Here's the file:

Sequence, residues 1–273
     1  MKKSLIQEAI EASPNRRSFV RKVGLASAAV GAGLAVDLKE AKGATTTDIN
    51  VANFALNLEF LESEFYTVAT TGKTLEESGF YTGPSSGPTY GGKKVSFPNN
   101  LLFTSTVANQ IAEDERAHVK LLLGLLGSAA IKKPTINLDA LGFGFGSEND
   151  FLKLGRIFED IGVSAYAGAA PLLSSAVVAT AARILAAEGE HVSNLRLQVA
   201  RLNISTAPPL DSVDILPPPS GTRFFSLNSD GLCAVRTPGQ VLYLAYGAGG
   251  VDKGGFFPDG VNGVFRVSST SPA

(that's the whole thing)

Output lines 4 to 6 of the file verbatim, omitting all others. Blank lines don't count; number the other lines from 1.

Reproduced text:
   101  LLFTSTVANQ IAEDERAHVK LLLGLLGSAA IKKPTINLDA LGFGFGSEND
   151  FLKLGRIFED IGVSAYAGAA PLLSSAVVAT AARILAAEGE HVSNLRLQVA
   201  RLNISTAPPL DSVDILPPPS GTRFFSLNSD GLCAVRTPGQ VLYLAYGAGG